The X-Men had a hard time with the Hellfire Club as soon as they first encountered them! The team had split into two smaller groups to find two new mutants (Kitty Pryde and Dazzler) and the team sent for Kitty were captured by the Hellfire Club. They were rescued by their teammates, but when the complete team then decided to take on the Hellfire Club as a whole in X-Men #132 (by Chris Claremont, John Byrne and Terry Austin), they were shocked to learn that one of the members of the Hellfire Club, Mastermind, had taken control of Jean Grey! With the Phoenix (their new Black Queen) on their side, the Hellfire Club mopped the floor with the X-Men, capturing all of them but Wolverine, who had been knocked into the sewer system. Luckily, Wolverine survived and fought his way back to help rescue his friends in the next issue.
The Phalanx were an offshoot of the Borg-like alien race known as the Technarchy and were obsessed with world domination. After the X-Men opposed one of their earliest efforts, they decided that the X-Men were their biggest threat (because they could not yet assimilate mutants) and so they took out the entire group of X-Men living in the X-Mansion in the early 1990s in one fell swoop.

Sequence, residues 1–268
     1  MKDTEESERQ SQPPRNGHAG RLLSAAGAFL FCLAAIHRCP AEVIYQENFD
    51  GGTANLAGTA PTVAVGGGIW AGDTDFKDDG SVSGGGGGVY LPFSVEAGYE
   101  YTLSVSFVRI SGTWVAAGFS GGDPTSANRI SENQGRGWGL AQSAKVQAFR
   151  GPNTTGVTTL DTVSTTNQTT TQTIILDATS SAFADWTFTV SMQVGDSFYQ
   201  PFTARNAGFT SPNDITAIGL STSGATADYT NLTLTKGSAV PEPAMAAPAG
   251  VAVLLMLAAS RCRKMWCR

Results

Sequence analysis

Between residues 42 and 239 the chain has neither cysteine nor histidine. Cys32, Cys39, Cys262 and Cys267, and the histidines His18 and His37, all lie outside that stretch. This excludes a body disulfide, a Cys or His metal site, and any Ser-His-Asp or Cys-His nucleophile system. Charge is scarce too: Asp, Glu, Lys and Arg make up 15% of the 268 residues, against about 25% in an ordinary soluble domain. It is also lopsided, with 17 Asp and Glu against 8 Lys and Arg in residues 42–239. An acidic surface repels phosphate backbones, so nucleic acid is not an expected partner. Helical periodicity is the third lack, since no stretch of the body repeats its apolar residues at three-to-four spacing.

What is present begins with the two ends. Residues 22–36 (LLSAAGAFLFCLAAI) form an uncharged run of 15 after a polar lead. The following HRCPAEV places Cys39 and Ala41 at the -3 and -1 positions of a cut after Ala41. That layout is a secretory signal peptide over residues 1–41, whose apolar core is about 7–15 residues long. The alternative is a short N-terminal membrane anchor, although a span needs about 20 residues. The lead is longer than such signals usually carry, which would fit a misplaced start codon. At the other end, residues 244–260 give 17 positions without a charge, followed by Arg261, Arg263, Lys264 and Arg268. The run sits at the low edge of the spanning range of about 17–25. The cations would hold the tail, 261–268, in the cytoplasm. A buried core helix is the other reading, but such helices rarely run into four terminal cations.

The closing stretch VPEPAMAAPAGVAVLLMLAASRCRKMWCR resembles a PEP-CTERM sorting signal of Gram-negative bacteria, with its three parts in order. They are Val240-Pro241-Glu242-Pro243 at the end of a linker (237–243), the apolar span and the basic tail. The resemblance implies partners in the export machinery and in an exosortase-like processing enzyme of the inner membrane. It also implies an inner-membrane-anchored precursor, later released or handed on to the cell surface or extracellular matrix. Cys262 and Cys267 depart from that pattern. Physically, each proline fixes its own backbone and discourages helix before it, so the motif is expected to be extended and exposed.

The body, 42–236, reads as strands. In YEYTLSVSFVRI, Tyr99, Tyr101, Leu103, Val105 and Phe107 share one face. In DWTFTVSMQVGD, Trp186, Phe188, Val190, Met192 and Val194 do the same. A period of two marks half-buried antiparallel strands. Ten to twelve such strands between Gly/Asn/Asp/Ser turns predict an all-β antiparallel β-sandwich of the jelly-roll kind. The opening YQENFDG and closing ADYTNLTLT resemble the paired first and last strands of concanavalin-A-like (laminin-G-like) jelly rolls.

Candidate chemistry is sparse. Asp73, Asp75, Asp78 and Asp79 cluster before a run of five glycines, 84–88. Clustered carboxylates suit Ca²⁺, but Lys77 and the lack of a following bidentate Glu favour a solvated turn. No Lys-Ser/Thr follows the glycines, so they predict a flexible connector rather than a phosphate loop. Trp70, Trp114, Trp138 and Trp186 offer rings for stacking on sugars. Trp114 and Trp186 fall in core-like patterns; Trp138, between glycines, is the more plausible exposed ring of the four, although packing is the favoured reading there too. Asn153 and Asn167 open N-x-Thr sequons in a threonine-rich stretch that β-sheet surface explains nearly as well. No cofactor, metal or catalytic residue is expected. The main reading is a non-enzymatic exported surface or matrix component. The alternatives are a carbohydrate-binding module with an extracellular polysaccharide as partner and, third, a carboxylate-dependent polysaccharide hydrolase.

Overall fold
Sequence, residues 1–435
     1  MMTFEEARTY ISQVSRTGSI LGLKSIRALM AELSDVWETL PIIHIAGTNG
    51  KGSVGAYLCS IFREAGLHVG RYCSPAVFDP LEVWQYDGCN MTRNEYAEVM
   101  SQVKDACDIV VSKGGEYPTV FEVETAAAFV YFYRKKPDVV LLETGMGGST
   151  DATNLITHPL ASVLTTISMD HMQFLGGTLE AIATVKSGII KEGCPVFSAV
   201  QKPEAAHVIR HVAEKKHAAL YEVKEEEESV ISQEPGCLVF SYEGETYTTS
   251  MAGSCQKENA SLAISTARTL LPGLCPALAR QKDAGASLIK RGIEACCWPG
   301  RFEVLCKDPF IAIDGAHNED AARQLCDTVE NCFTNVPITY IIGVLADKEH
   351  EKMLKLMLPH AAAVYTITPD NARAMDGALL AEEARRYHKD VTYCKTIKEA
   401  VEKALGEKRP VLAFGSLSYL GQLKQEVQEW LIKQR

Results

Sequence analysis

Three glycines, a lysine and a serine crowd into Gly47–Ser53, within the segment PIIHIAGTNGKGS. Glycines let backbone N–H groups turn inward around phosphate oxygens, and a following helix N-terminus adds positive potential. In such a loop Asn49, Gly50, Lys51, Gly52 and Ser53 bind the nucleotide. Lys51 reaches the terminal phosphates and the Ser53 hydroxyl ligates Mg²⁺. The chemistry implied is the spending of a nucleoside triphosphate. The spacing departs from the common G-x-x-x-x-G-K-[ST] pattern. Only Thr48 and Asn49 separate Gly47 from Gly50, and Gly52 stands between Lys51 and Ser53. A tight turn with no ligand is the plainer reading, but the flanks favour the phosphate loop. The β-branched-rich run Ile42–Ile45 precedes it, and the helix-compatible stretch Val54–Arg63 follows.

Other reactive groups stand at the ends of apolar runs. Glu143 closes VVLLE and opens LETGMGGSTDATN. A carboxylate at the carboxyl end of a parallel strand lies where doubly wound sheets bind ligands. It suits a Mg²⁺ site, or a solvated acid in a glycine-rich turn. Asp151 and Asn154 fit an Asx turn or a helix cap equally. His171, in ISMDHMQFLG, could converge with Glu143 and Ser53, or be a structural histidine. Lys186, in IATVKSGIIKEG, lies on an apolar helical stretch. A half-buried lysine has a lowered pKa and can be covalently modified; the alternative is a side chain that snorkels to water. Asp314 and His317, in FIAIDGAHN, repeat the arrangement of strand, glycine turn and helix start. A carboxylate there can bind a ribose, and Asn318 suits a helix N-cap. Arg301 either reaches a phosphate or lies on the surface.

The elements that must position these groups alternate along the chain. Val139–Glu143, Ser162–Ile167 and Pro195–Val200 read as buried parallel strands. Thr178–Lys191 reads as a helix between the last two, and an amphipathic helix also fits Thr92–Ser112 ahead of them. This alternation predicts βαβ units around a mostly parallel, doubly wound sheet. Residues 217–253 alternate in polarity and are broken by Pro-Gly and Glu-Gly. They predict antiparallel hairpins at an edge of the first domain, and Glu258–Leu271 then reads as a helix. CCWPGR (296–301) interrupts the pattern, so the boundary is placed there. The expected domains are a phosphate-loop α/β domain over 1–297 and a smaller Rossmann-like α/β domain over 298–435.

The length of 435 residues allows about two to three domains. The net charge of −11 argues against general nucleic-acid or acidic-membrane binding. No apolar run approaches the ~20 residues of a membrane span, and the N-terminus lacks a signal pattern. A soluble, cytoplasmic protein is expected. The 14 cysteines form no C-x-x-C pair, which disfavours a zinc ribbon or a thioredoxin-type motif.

The only X-Men who did not get captured were Cyclops and Jean Grey (on their honeymoon), Wolverine (on a leave of absence from the team) and Banshee (who was barely a member of the team at that point). When Banshee returned to the X-Mansion, he discovered the ruse and broke free, along with Emma Frost, Sabretooth and Jubilee (the first two were prisoners of the X-Men so they were not replaced and Jubilee... we have no idea why they didn't replace her).
One of the stronger political messages in the pages of Uncanny X-Men was the small island nation of Genosha, which had a large mutant population that was subjugated by the smaller human population of the island and through the labors of the mutants, Genosha had become a crown jewel of Africa. It was basically a big metaphor for South Africa during the time of Apartheid.
The X-Men had tangled with Genosha in the past, but during the crossover "The X-Tinction Agenda," Genosha's government (who had cut a deal with old X-Factor nemesis, Cameron Hodge) attacked the X-teams full force, capturing the X-Men, X-Factor and the New Mutants all at once. Their ability to cancel mutant powers was a huge key to their initial success. Luckily, eventually the mutants escaped and led to a revolution that overthrew the fascist government.